In this interview, Governor Bill Haslam addresses a growing concern among businesses and government leaders in Tennessee -- a workforce that falls short of the educational needs to do the jobs.
Some of the problems include:
- By the year 2025, only 39 percent of adult Tennesseans will have a college degree or professional certification.
- 70 percent of Tennessee's current high school graduates need remedial math and English classes when they enter college, setting them back in both time and money, which increases the college dropout rate.
- The job market is changing in Tennessee. Haslam points to the growing auto industry here. With advances in automation and technology, the kinds of available jobs in the future will require less manual labor and more specialized skills.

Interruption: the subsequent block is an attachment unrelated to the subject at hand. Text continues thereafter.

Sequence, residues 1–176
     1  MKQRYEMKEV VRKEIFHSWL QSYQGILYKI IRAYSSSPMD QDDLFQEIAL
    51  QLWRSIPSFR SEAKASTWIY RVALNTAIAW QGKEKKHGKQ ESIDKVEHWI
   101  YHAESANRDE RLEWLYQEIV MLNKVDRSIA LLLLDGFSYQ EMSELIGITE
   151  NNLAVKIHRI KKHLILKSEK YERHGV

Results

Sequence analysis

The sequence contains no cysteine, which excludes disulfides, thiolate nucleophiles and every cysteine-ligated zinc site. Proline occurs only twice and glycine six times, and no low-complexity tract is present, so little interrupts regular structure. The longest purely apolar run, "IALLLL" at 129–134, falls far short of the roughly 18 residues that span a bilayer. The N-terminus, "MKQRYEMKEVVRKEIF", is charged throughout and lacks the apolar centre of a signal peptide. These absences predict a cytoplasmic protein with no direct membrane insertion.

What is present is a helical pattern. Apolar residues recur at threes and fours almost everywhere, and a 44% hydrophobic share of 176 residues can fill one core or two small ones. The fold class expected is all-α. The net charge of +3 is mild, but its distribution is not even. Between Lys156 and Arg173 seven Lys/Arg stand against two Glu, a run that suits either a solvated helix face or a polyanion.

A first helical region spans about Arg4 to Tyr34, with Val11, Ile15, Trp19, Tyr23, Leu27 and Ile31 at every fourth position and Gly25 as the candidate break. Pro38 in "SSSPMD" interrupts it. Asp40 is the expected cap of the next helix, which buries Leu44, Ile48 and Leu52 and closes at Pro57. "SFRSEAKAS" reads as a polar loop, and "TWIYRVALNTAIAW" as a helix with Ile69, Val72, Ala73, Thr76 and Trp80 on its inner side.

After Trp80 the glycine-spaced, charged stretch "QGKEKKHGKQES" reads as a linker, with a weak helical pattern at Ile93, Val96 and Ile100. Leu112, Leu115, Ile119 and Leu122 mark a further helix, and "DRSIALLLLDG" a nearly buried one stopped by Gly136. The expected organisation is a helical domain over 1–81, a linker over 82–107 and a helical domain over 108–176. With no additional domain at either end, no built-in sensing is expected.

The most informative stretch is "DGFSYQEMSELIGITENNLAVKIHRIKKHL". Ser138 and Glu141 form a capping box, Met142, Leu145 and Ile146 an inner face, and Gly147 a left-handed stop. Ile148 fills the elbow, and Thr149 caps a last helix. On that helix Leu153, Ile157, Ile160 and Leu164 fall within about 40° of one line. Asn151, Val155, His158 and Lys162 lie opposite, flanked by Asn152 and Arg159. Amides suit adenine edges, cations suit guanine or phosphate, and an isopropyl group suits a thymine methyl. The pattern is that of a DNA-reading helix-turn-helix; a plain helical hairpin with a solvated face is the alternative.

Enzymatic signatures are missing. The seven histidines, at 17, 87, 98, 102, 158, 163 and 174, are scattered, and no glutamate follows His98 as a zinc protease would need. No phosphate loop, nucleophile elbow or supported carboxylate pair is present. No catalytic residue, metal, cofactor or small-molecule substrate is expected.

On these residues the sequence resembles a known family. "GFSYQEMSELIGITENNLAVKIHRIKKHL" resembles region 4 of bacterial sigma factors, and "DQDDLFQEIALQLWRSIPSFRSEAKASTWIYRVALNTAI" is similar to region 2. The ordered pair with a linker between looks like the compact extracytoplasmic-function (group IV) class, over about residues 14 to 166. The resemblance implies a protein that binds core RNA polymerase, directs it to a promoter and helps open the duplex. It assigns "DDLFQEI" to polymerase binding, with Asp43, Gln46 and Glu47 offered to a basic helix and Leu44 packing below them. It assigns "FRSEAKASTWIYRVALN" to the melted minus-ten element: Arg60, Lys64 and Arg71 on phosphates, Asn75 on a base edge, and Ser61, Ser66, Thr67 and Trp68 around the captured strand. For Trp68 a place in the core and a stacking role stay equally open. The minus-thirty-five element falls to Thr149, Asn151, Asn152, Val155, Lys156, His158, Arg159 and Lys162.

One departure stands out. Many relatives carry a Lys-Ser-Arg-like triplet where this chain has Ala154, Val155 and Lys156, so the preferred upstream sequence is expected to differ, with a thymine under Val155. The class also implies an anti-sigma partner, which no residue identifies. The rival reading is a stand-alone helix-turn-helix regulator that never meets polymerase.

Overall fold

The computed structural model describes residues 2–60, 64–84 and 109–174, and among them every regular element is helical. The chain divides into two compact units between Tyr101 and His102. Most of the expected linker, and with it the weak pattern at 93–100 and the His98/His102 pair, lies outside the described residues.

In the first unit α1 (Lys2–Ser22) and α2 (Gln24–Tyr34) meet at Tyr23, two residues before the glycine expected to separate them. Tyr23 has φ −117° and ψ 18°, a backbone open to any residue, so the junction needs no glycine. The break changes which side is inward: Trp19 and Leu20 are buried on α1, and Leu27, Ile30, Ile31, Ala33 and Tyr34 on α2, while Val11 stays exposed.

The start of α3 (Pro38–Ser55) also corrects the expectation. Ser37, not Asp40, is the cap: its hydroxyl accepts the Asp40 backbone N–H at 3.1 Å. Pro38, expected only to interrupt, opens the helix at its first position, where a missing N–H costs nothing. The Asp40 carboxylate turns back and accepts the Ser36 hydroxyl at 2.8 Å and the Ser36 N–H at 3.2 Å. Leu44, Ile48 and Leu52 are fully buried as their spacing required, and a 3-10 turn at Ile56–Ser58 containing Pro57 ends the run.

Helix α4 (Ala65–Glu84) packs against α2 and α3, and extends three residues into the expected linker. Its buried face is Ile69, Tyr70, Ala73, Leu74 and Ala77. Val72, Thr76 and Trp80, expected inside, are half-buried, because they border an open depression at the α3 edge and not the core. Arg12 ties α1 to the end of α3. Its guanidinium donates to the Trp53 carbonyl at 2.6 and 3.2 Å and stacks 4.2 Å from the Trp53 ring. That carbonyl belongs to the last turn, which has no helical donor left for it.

- Tennessee ranks 42nd in working adults with a two-year degree or higher, which would be a concern for businesses looking to move here.
The governor has launched a new initiative called "Drive to 55" which takes a multi-faceted approach to increasing the number of students getting a higher education.
It includes online classes through WGU (Western Governors University) and Coursera, scholarships through TnAchieves and better remedial preparation in public schools. Haslam says they are still looking for more ways to make going back to school lucrative and convenient for older students.